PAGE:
Wednesday, November 14, 2012

Worldwide, Women Still Lacking Access to Contraception

Birth control can be a hot button in political circles, but there is no doubt that family planning cuts billions in healthcare costs and saves lives around the world, says a report from the United Nations Population Fund.

In 1994, the international community got together and agreed that family planning should be accessible to all who want it, regardless of where they live. However, the most recent research shows that there are still millions of women in both developing and developed countries that do not have this access. They either don’t have the information and education that would allow them to decide if they would like to use contraception, or they don’t have physical access to it.

Women who bear many children within a short time have higher risk of staying in poverty. The women have to make limited funds stretch, have limited access to education, which could help their children be healthier in the long run, and the women have limited opportunities to earn money. Poverty often leads to higher mortality rates.

A study published in the International Journal of Gynaecology and Obstetrics in 2005 found that when pregnancies were spaced by three to five years, infant mortality could be reduced as much as 46 percent in the developing world. According to the Population Fund report, “A study from Colombia, for example, illustrates that the local availability of clinics and hospital beds and increased family planning expenditures per capita are associated with lower child mortality as well as lower fertility across women in urban areas. In the Philippines, the presence of a family planning programme had direct effects on children’s health. Improved access to reproductive health, improved spacing of pregnancies, and a reduction in the number of risky pregnancies in Bangladesh all combined to reduce child mortality and improve child survival.”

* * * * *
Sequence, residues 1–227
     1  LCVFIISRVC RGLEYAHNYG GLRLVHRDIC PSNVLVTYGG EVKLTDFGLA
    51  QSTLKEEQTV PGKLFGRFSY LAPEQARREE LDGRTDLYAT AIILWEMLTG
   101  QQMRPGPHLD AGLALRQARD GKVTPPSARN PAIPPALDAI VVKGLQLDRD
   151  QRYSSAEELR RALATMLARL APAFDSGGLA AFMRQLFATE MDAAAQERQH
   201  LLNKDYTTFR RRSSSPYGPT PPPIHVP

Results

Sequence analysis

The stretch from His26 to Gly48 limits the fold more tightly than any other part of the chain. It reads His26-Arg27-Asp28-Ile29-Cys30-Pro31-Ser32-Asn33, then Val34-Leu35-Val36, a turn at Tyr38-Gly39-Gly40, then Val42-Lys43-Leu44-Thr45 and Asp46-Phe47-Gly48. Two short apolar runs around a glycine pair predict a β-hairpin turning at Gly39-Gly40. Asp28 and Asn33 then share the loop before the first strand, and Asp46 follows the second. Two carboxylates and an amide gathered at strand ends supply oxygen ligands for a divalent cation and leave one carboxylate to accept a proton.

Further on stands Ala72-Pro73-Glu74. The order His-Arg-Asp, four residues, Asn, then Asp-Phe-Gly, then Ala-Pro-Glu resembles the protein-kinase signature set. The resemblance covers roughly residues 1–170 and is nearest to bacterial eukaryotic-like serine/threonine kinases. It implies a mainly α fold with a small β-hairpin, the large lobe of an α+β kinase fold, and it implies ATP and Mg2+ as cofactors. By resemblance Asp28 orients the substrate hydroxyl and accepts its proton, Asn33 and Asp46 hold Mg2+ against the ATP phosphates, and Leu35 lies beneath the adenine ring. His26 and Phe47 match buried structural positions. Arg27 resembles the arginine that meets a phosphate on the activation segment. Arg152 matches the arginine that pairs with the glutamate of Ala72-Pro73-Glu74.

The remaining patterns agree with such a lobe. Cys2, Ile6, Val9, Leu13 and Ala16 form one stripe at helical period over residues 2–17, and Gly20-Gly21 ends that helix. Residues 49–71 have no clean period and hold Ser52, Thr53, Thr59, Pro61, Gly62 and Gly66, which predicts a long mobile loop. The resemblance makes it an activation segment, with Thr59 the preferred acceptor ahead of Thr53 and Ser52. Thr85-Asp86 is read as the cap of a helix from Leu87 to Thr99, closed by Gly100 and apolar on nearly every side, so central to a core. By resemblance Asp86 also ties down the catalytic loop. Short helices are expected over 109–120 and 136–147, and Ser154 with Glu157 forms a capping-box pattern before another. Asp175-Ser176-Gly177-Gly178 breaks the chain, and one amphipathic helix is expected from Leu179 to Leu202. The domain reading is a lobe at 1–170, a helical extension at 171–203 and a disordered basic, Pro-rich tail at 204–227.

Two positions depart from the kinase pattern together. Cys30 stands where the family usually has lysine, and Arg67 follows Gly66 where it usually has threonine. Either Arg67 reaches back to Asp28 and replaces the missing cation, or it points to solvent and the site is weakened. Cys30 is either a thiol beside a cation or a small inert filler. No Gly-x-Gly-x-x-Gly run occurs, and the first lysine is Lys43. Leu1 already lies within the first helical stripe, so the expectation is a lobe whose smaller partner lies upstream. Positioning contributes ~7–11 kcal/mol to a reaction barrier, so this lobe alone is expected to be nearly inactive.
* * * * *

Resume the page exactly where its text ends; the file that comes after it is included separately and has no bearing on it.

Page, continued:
Financially, billions of dollars could be saved globally if family planning were the norm for those who want it. The report states that a $4.1 million investment in family planning for women in the developing world would eliminate the almost $6 billion spent on maternal and newborn healthcare costs.

Sadly, the plight of women and newborn health isn’t a popular topic. While millions of dollars are put into research and treatment of infectious diseases and others, like cancer, reproductive health is far behind. “Sexual and reproductive health has lost ground to ‘competing’ health issues, such as infectious diseases, because the field has failed to persuade power brokers — such as policymakers and donors — to increase funds,” wrote the report’s authors.


Model Christy Turlington established Every Mother Counts in 2010. Check out her organization to learn more about maternal health and poverty.

Maternal health ties in with my work with Sepsis Alliance. Women who die in childbirth or not long after often die of sepsis (Sepsis and Pregnancy), as happened just recently in Ireland, to Savita Halappanavar. Women need to be aware of their health and they need to be in control of their health. Please help spread the word.

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